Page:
Sometimes you find yourself in your childhood bedroom in New Jersey, sitting cross-legged with your back against your bed like you did almost every night when you were growing up.
The old books, magazines and yearbooks that surround you seem to chronicle just how far you’ve come. Sometimes, what starts out as an innocent walk down memory lane develops into a full-blown, ugly cry session, during which you re-live your first love, one journal entry at a time.
The pages overwhelm you with old feelings; your handwriting has barely changed so you’ll sometimes feel as though you just wrote the entries. It's as though you just experienced those old days in the city, frolicking, holding on to each other and eating picnic lunches on a rock in Central Park. It will all feel real again.
You’re smarter than that, though; you know your feelings are deceitful. The lamp on your nightstand provides just a soft enough shadow through which you read your memories back into existence. It’s bittersweet and self-sabotaging, and you do it almost every time you’re home.
You begin to feel like a closeted sadist. The tears and hurt offer a sense of comfort, no matter what else your heart or head is focused on. The punishment of reliving the sweetness; the genuine playfulness and the ease with which you spoke to each other and then the dragged out, painful end that you caused, feels justified.
It acts as a reminder of the errors you made and of the mistakes you could have avoided if only you had been less careless. You keep that box filled with the journals and the dried up flowers and the ticket stubs and the photo strips. These things serve no purpose now other than to self-inflict pain, but you keep them anyway.
There are other mentions in these pages, of course, but during these self-destructive sessions, you skip mainly to those that concern him, which are the majority. The girl writing was so in love, so aware of how lucky she was to be knee-deep in such love, and so mindful of when it was over.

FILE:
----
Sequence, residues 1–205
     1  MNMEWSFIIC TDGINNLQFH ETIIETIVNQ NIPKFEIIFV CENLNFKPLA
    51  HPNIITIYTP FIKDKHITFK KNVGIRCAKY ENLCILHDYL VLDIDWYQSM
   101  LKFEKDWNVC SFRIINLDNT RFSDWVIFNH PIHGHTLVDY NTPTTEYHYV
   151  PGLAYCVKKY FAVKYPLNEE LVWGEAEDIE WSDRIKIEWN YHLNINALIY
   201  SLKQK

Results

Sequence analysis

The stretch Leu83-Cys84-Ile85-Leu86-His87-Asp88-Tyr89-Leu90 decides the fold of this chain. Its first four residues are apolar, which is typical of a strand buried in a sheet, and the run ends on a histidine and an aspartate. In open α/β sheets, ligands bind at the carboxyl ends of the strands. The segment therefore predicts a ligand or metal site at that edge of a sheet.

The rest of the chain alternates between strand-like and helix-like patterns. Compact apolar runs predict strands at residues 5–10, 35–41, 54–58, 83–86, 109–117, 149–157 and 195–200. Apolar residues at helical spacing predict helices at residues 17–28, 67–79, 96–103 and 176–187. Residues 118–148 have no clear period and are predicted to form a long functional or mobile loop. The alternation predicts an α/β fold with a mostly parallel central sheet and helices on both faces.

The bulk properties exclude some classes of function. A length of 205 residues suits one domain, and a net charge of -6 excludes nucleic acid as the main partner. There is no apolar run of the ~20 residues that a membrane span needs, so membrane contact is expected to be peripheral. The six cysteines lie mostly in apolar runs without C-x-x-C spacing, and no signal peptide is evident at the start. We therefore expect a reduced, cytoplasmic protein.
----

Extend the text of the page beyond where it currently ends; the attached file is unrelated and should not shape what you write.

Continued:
You let the tears flow freely, stifling them only slightly so as not to wake or worry your mother who is sleeping in the next room. You let the angsty music of your teenage years serve as a soundtrack to your breakdown.
Maybe it’s your love of movies or your desire to experience life as a movie that makes you gravitate toward this torture. Maybe, more simply, it’s just true that you never forget your first love. Maybe you feel — despite the fact that you know better — that what you felt then, what you still feel now when you choose to, happens only once, if that.
And now, when you are slipping slowly but surely into a similar tangle of emotions for the first time in a long time with somebody new, your heart is bursting with premature pain.
Revisiting him is essential to your well-being, despite the harm that it causes. You are wise with sorrow, yet overcome with joy and gratefulness nearly every day. You straddle the line between happy and unhappy so gracefully that few even realize your awkward stance.
Nights like this soothe, yet bruise you. You feel your eyes well up, and it offers a comforting rush throughout your body, a transformation to a simpler time, where even though pain existed, love still rattled around every corner of you. It makes no sense to your rational self, but she wasn’t invited to this pity party.
You prepare for these nights; you count on them. They break and then mend you, like all good stories.
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